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Beatrice Arduini: "Dante’s Convivio: the Creation of a Cultural Icon"
Beatrice Arduini: "Dante’s Convivio: the Creation of a Cultural Icon"
WhenMonday, Nov. 20, 2017, 4:30 – 6 p.m.
Campus locationCommunications Building (CMU)
Campus room202/204
Event typesAcademics, Lectures/Seminars, Special Events
Event sponsorsThe Classics, Medieval, and Early Modern Studies Group

Contact: Emily George,

From Fragment to Icon: The Tradition of Dante's Convivio

Dr. Arduini’s study of the diffusion and reception of the Convivio traces how the ideological transformation of works is reflected in their material manifestations, in the Convivio’s case in the 15th-century manuscript tradition, in which the work appears alone or coupled with other texts, in its 1490 first edition, and in its three subsequent 16th-century reprints. How did the Convivio move from being a rough draft abandoned by the poet in 1307 to being one of Dante’s canonical texts of the late 15th century, associated with Dante’s collection of canzoni established by Boccaccio? Dante’s abandonment of the work and the seeming oblivion into which it falls in the 14th-century had deep repercussions in the Convivio’s problematic textual conditions. The critical implications of the use of a work abandoned by its author, and then revived and edited by admirers a century later, led eventually to numerous manipulations of the text.

Beatrice Arduini (University of Washington, French & Italian Studies) centers her work on Medieval Italian literature and Dante Studies, particularly on manuscript culture. She is currently working on her book project, The Invention of Dante's Convivio, which examines the tradition of Dante's unfinished treatise in manuscripts and early printed editions. Professor Arduini's projects include the analysis of Giovanni Boccaccio's activity as copyist and editor of Dante's works, in particular the Rime, and the study of the conditions of writing and transcribing in prison in the Florentine Middle Ages. She has published on these and other topics in Romance Philology, Textual Cultures, Medioevo Letterario d'Italia, Dante Studies and Medioevo e Rinascimento. Recently, she contributed with a chapter for Dante in the Long Nineteenth Century: Nationality, Identity and Appropriation.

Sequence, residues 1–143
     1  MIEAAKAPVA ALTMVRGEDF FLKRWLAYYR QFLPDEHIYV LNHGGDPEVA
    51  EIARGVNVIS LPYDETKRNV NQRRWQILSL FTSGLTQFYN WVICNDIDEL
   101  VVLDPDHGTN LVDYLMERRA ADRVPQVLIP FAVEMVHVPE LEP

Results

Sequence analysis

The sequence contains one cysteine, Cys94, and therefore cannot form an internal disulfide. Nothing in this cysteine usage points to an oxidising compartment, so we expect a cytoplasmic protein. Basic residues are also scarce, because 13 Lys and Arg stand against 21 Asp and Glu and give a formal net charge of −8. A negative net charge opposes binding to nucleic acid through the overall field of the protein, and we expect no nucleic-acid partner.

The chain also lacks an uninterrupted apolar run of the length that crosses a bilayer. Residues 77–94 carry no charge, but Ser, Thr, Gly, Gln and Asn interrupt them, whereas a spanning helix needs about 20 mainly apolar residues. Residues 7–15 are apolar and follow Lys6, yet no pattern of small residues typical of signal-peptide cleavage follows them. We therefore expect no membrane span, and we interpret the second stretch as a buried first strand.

Her research and teaching interests also include Early Italian and Occitan Literature and the development of the song collection genre (canzonieri) in order to investigate how the material form of texts crucially determines their meanings.

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